Spitting was 'too much'
"We were spit at, we were called 'traitors,' " Wilson recalls. "It was too much." She and her husband, a building contractor, considered their options. "We kept saying, 'We're moving to Canada!' It was a joke, but as things became more serious, we became more serious."
So last September the Wilsons sold their house, moved to Salt Spring Island, and applied for permanent residency in Canada. (They haven't got it yet, which is why they asked that their names be changed for this article.) "It was a big deal to say 'I'm leaving,' " Ann Wilson says, because her family's been in the States since confederation. "But I'm glad I did."
There are more like her. Over the past couple of weeks, I've spoken with a number of Americans who've recently moved to B.C. because they're disturbed by events south of the border, although many are reluctant to talk about it publicly. Professionals who deal with American clients also hear these stories. Four realtors in my town, Victoria, told me that they've recently represented American buyers who were looking for a "safe haven" outside the States. One said that as many as half his current American clients specifically cite the Bush administration as a reason why they're looking for property on Vancouver Island.
Immigration consultants hear this, too. "The primary motivation is lifestyle, but there definitely is an undercurrent of political motivation as well," says James Norris, a former diplomat who's provided immigration advice in downtown Victoria since 1982. "Of the Americans I've worked for in the last year or two, many are Democrats, and they're firmly against George Bush and the war in Iraq."
Soldiers evoke Vietnam controversy
Canadians don't need to lose much sleep about many of these newcomers. As it does for the thousands of people who apply to immigrate to Canada every year, the government will simply assess them on a points system. Many of them, like the Wilsons, with university degrees and experience at skilled jobs, will score high and be allowed to stay. The harder question is how to deal with young Americans without such qualifications -- including soldiers like Jeremy Hinzman -- who are refusing to fight in a war that most Canadians consider to be morally unjustified.
In the late 1960s and early '70s, when as many as 50,000 American men came here to escape military service in Vietnam, they could get landed immigrant status right at the Canadian border. That's impossible today. Instead, the only option for U.S. soldiers (aside from marrying a Canadian) is to formally claim that they're political refugees. Trouble is, until now, no one has ever successfully claimed to be a political refugee from the United States.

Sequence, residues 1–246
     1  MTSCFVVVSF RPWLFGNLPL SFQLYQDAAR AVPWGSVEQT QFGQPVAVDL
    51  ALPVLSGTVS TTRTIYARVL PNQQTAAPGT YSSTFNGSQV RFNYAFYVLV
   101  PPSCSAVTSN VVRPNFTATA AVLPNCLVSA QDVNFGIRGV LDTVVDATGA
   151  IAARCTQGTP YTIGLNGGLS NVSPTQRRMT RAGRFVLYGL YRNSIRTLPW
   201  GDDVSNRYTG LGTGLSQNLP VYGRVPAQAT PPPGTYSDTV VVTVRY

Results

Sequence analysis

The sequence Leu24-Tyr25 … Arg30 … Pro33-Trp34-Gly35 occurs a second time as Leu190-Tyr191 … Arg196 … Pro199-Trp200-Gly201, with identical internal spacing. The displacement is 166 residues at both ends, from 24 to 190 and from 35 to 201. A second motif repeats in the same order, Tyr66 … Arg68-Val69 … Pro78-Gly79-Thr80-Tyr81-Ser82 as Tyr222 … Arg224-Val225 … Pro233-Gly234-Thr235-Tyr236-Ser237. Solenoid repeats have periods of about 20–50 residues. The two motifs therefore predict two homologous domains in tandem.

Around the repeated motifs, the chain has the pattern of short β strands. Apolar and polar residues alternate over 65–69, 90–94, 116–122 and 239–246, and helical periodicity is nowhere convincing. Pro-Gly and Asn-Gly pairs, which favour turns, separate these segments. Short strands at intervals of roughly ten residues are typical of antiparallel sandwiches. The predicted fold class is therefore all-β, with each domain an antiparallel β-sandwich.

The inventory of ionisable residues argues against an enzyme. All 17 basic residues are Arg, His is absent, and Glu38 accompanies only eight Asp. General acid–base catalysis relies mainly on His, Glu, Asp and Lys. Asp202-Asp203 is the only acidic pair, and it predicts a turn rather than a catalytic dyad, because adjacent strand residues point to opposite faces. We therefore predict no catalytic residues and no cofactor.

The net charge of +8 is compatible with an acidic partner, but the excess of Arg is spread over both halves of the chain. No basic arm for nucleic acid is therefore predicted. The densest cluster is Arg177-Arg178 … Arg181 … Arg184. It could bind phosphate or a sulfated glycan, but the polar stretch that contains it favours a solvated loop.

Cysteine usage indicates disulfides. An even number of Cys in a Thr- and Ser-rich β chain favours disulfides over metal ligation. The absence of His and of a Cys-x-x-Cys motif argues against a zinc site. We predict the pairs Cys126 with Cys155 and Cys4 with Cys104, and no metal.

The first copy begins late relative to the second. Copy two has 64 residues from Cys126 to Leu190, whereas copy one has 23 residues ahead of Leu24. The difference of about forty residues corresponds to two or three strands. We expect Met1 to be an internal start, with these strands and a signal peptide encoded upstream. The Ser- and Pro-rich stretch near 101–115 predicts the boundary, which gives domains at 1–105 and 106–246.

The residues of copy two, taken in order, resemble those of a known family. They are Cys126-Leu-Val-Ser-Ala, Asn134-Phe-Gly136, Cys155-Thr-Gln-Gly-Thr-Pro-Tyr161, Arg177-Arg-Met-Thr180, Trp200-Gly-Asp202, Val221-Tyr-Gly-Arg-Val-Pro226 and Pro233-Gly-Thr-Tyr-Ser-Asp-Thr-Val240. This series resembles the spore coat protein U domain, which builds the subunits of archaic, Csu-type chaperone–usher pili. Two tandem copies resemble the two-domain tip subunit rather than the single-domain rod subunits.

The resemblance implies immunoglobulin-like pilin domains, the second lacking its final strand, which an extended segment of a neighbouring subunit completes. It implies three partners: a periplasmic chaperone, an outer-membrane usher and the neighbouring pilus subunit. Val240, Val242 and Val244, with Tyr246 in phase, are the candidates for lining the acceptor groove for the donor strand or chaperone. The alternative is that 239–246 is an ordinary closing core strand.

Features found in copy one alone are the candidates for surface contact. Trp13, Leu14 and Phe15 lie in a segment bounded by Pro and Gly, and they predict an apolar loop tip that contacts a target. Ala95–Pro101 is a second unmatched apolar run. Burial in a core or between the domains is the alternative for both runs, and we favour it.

That can change, however. Public pressure can persuade the federal government to reinterpret its immigration policy toward those who refuse to fight in an illegal war. It has happened before. According to John Hagan's book Northern Passage: American Vietnam War Resisters in Canada (Harvard University Press, 2001), even after Pierre Trudeau became prime minister in 1968, the government waffled for months on the legal status of the thousands of arriving draft dodgers and deserters. The U.S. pressured Canada to send them back. But the NDP, the United Church, newspaper editorials, and hundreds of letters to federal ministers demanded that Canada refuse to act as America's "military policeman," and admit the young Americans to the country. Canada did, and the country was better for it.
A year later, Trudeau told church leaders, "Those who make the conscientious judgment that they must not participate in this war … have my complete sympathy, and indeed our political approach has been to give them access to Canada. Canada should be a refuge from militarism."
Is Canada as politically courageous as it was 35 years ago? We are about to find out.
Ross Crockford is a freelance writer living in Victoria. In previous incarnations he has been a Vancouver trial lawyer, a staff writer for The Prague Post, and the editor of Victoria's Monday Magazine, where an earlier version of this story appeared.